Posted Friday, October 22, 2004
To carry on in the tradition of the classic e-book "Search Engine Tactics" (as you surely know, written by Mark Joyner in 1995), I would like to propose 2 new tactics in use today. With all due respect to Mr. Joyner, a lot has changed since 1995…
Here are two brand new tactics that the "search engine optimization gurus" are talking about:
1. New Meta Tag: "Aesop"
If you get nothing else from this article, get this. This new tag is popping up on sites all over the net and will dramatically change the way people search. Essentially, this tag breaks all Internet content into 6 useful categories. The purpose of this is to allow surfers to more accurately and quickly determine if a search result is, indeed, what they are looking for. It also allows webmasters to attract more appropriate visits to their sites. Right now, the only engine that recognizes it is aesop.com, but I have it on authority that others are preparing to start recognizing the tag as well.
For more information, here is the official aesop meta tag site (includes a free tag generator) - if you don't already have this tag on all of your pages, it's critical that you do this right away:
2. CSS H1 Spoof
In the early days of the net, search engines were easy to fool. These days, it's quite a bit more difficult, but it can be done. However, any time you use some type of "trick" to spoof the engines, you always run the risk of the engine catching you and banning your domain for spamming.
OK, with that caveat, here's the trick.
Some search engines will give words found in the "H1" tag a boost in relevancy. The H1 tag is used to specify your page's "heading". The problem is, this heading is just plain ugly. It's a huge point Times New Roman heading that doesn't look good in anyone's web design book.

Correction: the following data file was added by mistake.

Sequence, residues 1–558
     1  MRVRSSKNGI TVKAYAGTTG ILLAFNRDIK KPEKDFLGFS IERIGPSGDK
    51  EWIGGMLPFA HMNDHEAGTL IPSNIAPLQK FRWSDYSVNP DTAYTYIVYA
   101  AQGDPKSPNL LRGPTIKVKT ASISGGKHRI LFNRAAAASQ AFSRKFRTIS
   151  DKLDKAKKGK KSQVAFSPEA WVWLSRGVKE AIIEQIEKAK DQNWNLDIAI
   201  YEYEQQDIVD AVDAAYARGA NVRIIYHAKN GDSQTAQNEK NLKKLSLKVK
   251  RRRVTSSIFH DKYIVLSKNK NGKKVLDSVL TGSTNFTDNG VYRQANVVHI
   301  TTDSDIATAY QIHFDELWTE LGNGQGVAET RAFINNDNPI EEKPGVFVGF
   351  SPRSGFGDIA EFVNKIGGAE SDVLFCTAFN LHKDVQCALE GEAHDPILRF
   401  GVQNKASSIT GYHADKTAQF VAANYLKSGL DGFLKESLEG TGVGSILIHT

Here's the good news: you can get the best of both worlds using Cascading Style Sheets (CSS). With CSS, you can specify that the browser will render text in the H1 tag any way you please. This is great; because, you can get both a boost in relevancy and get better control of your page's appearance in one step.
Here's the code...
In your head tag, put the following line:
(Note that you can change any of the above variables - font size, type, and color - as you see fit.)
Then, in the body of your document, where you want you document "heading" or "headline", use the following code:
Text for Your Headline Here
The headline will now appear as you specified in the style code. This is a great trick - and it's brand new.
Apply these new tactics today for some easy traffic courtesy of your favorite search engines.
About the Author
Dr. Roger Wilcox is a well-known author and Internet Marketing expert. Right now, he works as a professional affiliate to prove that anyone can make a generous living on the Internet. (http://www.rogerwilcox.com)